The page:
"Juice containers, the cardboard ones with the lining, can be an item to recycle if you have enough of them and can separate them," he said. "Aerosol cans are another example. What you're able to recycle grows exponentially if you have enough to set up an automated sorting facility, but that costs $5 million to $10 million, so we're probably talking about $8 million here."

Not everything can be recycled, Reed said. For example, the plastic found in thin-walled butter, margarine and yogurt cups and "what I'd call crinkly plastic bakery container" cannot be recycled, she said.


The landfill takes in more than items placed in trash cans. Solids collected by Springdale's wastewater system, for example, put more than 20,000 tons of sludge in the landfill a year. That costs about $1 million a year, city figures show.

Waste Management offers the city a very good price to dispose of sludge, said Heath Ward, director of Springdale's water and wastewater departments. The city has studied alternatives and has a fall-back plan if Eco-Vista becomes unavailable. Costs for sludge disposal would at least double if the city used any other option, Ward said.

Fayetteville and Rogers have facilities to dry wastewater sludge, which cuts the weight of the material by two-thirds, Ward said. Drying makes the sludge easier to transport, which in turn makes it possible to ship out of the region as fertilizer. Both cities sell dried sludge.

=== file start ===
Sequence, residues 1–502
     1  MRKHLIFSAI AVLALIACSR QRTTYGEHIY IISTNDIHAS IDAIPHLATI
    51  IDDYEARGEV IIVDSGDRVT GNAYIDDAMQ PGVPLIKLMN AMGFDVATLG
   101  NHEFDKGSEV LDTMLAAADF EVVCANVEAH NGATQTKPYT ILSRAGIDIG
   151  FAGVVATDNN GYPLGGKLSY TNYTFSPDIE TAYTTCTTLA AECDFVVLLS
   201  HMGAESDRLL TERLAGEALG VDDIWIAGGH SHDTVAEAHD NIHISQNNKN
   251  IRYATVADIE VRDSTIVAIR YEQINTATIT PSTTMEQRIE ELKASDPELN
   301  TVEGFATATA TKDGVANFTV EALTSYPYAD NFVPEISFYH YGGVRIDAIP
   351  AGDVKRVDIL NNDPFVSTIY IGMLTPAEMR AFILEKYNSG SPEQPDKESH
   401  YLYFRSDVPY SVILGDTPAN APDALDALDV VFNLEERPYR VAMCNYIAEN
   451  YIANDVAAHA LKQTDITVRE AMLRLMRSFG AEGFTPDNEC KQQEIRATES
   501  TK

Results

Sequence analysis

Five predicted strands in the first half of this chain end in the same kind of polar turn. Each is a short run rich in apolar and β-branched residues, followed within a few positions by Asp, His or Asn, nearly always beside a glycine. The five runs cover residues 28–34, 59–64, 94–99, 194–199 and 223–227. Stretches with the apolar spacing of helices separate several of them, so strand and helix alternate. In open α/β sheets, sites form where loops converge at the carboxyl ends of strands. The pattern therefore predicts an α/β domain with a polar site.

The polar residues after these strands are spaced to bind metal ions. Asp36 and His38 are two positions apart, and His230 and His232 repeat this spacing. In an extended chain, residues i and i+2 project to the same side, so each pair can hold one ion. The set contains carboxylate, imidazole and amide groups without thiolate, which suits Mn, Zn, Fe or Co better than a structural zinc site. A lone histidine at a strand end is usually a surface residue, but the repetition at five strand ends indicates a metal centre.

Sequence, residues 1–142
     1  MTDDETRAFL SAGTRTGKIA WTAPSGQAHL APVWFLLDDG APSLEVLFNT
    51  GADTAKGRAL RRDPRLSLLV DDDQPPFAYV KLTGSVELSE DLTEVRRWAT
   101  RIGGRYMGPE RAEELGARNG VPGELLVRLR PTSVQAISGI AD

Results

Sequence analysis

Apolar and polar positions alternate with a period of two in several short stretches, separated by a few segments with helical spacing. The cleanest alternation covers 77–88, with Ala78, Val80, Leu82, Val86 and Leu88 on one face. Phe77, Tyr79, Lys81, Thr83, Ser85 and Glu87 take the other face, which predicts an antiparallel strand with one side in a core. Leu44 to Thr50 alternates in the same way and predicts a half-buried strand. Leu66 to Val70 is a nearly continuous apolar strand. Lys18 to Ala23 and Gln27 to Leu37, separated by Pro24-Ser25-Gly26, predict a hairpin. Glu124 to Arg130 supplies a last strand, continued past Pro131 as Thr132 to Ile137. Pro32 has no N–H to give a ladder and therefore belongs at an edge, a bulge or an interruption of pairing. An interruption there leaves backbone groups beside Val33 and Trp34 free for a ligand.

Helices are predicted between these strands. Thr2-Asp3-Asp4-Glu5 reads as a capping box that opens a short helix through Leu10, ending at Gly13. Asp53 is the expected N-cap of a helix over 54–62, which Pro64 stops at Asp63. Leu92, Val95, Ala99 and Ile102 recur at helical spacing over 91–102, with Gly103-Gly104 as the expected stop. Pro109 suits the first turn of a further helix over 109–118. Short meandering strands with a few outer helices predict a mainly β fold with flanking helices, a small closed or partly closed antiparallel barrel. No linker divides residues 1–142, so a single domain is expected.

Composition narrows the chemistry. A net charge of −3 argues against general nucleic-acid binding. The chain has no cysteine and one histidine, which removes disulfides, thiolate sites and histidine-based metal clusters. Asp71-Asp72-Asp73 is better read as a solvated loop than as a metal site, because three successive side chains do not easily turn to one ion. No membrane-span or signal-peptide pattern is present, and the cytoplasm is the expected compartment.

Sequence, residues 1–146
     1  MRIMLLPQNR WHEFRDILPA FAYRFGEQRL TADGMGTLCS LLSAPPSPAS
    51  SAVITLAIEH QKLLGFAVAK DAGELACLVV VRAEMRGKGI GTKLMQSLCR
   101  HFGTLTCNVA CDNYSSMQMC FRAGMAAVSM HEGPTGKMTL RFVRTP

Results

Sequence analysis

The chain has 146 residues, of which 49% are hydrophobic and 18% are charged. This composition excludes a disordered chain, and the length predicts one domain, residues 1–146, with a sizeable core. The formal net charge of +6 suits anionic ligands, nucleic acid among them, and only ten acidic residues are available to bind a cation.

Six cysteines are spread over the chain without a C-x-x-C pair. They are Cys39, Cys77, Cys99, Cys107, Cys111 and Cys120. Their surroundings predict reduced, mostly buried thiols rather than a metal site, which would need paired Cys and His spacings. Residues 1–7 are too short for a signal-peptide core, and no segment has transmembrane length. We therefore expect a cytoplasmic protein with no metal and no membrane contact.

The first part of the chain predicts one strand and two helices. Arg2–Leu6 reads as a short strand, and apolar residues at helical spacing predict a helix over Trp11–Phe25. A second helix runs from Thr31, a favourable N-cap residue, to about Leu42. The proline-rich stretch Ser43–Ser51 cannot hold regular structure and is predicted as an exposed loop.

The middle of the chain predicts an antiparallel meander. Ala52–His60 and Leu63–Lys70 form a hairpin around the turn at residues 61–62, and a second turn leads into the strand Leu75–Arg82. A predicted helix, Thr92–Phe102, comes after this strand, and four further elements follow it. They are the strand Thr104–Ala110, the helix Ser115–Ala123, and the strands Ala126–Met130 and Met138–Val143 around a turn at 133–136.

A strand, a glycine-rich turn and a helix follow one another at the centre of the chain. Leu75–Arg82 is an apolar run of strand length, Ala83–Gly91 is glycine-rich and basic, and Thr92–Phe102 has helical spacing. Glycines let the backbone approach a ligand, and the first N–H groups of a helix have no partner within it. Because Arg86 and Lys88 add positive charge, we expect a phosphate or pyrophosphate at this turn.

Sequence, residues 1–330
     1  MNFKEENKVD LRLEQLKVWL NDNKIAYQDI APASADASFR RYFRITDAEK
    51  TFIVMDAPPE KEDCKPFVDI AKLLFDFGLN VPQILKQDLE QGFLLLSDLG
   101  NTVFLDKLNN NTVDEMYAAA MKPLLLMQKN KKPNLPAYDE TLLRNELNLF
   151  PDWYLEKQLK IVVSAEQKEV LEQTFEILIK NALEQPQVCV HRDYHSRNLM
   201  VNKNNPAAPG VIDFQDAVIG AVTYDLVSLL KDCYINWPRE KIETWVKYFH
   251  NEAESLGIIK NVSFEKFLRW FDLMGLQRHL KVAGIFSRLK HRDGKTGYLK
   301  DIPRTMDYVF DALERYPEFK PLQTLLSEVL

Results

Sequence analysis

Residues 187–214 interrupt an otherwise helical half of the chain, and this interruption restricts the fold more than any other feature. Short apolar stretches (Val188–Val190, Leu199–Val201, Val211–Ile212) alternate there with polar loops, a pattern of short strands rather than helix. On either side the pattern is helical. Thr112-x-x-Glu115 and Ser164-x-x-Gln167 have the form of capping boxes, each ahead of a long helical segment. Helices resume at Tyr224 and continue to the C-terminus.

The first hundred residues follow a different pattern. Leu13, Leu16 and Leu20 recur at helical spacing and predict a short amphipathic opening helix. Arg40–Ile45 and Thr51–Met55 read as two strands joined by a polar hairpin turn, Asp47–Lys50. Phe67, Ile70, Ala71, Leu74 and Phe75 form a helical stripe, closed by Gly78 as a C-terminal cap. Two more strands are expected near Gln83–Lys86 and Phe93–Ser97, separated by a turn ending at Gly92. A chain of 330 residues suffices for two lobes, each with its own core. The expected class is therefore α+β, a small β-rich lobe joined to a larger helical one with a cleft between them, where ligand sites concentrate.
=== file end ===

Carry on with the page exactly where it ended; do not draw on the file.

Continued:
Ward proposed a regional solution to drying sludge. Northwest Arkansas has more than enough "nutrients," from farm animal waste to fertilizers to solid waste, he said.

If Springdale decides to build one, it could be placed near the Northwest Arkansas Conservation Authority in south Bentonville, he said. That wastewater treatment plant was built by a group of 10 cities in the region as a future, regional facility.


Someday, recycling will not be enough, predicted Cravens, the director of the Benton County Solid Waste District.

"Eventually, we're going to have to get energy from waste that cannot be recycled," said Cravens. Cities in the region have looked at the "old incinerator types of units before, but the technology of 30 years ago is totally different than what they have now," she said.

"Before, power generation from waste was just burning trash," Cravens said. "This new process is gasification. It vaporizes the waste, and the toxins are burned off. You don't need the environmental controls and scrubbers that were needed before to prevent air contamination. There's nothing left."

Although the heat needed is more intense, the process is more efficient, she said.

"Facilities like that are being built in California right now, and have been very successful in Europe," she said.

The technology isn't widespread in the United States because landfills here are still pretty cheap, Cravens said.

NW News on 12/31/2014